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BioMed Research International
Volume 2015 (2015), Article ID 959621, 12 pages
Research Article

Towards a Job Demands-Resources Health Model: Empirical Testing with Generalizable Indicators of Job Demands, Job Resources, and Comprehensive Health Outcomes

Division of Public and Organizational Health, Epidemiology, Biostatistics and Prevention Institute, University of Zurich, Hirschengraben 84, 8001 Zurich, Switzerland

Received 16 February 2015; Accepted 27 April 2015

Academic Editor: Sergio Iavicoli

Copyright © 2015 Rebecca Brauchli et al. This is an open access article distributed under the Creative Commons Attribution License, which permits unrestricted use, distribution, and reproduction in any medium, provided the original work is properly cited.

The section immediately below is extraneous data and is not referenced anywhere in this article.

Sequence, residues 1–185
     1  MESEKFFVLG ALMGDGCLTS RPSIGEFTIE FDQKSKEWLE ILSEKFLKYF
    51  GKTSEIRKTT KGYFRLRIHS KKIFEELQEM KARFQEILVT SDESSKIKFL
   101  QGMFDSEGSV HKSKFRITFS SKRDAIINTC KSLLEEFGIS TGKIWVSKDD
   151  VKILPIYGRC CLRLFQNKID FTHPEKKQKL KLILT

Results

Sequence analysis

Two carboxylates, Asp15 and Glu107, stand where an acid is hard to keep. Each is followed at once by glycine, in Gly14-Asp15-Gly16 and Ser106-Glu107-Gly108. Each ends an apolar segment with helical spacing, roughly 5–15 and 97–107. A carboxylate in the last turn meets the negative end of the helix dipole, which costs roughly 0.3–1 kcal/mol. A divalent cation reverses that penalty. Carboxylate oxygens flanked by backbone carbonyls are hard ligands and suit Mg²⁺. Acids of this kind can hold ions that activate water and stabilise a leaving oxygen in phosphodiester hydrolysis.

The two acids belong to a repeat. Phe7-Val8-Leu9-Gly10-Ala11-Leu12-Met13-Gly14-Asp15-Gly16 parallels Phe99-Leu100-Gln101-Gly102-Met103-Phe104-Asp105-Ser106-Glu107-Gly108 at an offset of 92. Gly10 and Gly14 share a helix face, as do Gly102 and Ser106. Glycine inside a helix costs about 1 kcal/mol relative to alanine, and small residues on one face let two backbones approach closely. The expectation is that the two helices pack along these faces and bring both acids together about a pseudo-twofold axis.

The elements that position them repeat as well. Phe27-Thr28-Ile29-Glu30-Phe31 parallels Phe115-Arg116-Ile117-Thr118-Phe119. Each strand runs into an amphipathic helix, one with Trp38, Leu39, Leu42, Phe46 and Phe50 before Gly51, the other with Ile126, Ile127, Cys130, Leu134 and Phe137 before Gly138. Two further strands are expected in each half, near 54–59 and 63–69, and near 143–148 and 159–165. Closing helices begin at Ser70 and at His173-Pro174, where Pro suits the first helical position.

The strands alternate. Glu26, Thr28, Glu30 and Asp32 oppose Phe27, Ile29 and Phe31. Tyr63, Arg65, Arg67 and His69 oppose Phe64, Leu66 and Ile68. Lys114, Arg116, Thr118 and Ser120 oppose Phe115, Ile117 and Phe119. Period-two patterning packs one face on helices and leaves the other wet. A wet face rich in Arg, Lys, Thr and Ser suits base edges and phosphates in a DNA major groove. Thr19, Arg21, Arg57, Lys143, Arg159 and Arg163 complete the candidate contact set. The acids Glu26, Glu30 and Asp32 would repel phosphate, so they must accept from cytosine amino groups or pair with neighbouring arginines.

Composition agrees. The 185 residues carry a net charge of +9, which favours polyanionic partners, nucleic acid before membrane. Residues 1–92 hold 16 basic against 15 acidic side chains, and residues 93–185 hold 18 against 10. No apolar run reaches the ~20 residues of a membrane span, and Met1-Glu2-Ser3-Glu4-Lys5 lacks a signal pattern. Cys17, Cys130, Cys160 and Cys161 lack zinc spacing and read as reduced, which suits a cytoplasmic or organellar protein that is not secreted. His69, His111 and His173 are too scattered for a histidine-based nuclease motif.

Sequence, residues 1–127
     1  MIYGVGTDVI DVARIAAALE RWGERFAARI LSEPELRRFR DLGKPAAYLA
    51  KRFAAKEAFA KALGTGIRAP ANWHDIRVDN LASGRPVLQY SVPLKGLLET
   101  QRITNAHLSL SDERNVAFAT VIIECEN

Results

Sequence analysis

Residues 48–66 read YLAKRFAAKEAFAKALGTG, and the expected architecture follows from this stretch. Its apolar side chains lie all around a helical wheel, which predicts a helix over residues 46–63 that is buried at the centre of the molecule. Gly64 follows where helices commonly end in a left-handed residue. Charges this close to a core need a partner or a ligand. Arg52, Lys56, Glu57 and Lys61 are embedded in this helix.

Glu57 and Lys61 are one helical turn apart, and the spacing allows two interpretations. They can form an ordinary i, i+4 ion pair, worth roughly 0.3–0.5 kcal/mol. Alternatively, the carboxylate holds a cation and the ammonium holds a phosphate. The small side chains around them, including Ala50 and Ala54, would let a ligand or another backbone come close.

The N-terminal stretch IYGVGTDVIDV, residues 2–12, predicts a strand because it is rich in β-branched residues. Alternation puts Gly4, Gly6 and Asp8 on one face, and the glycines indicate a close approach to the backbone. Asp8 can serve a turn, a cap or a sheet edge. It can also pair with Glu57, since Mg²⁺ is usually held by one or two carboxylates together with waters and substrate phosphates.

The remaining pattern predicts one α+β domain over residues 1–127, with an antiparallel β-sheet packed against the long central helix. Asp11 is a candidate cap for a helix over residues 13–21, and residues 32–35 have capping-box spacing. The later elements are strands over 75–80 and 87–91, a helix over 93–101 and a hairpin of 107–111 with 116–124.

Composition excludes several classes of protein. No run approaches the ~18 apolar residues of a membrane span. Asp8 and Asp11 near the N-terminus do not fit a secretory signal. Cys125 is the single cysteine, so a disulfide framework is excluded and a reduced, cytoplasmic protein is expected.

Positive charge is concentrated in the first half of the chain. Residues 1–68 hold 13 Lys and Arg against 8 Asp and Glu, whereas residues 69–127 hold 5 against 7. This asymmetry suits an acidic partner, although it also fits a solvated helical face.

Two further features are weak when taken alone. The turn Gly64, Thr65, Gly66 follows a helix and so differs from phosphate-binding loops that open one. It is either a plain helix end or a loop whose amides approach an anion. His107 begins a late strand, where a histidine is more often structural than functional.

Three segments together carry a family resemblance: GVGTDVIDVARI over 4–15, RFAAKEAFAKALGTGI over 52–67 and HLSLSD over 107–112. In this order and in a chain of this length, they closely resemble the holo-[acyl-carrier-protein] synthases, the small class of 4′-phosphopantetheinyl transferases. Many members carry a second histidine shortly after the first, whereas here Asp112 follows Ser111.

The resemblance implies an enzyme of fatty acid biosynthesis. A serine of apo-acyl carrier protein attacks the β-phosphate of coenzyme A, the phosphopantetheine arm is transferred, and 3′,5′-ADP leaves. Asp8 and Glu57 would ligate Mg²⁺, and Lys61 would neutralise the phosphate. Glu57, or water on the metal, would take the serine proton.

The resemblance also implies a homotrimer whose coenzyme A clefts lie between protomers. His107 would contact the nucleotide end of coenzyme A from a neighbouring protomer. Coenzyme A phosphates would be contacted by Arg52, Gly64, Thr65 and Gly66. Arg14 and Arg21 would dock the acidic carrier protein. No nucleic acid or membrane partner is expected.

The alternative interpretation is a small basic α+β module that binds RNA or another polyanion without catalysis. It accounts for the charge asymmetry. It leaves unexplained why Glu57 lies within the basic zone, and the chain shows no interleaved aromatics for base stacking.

Studies using the Job Demands-Resources (JD-R) model commonly have a heterogeneous focus concerning the variables they investigate—selective job demands and resources as well as burnout and work engagement. The present study applies the rationale of the JD-R model to expand the relevant outcomes of job demands and job resources by linking the JD-R model to the logic of a generic health development framework predicting more broadly positive and negative health. The resulting JD-R health model was operationalized and tested with a generalizable set of job characteristics and positive and negative health outcomes among a heterogeneous sample of 2,159 employees. Applying a theory-driven and a data-driven approach, measures which were generally relevant for all employees were selected. Results from structural equation modeling indicated that the model fitted the data. Multiple group analyses indicated invariance across six organizations, gender, job positions, and three times of measurement. Initial evidence was found for the validity of an expanded JD-R health model. Thereby this study contributes to the current research on job characteristics and health by combining the core idea of the JD-R model with the broader concepts of salutogenic and pathogenic health development processes as well as both positive and negative health outcomes.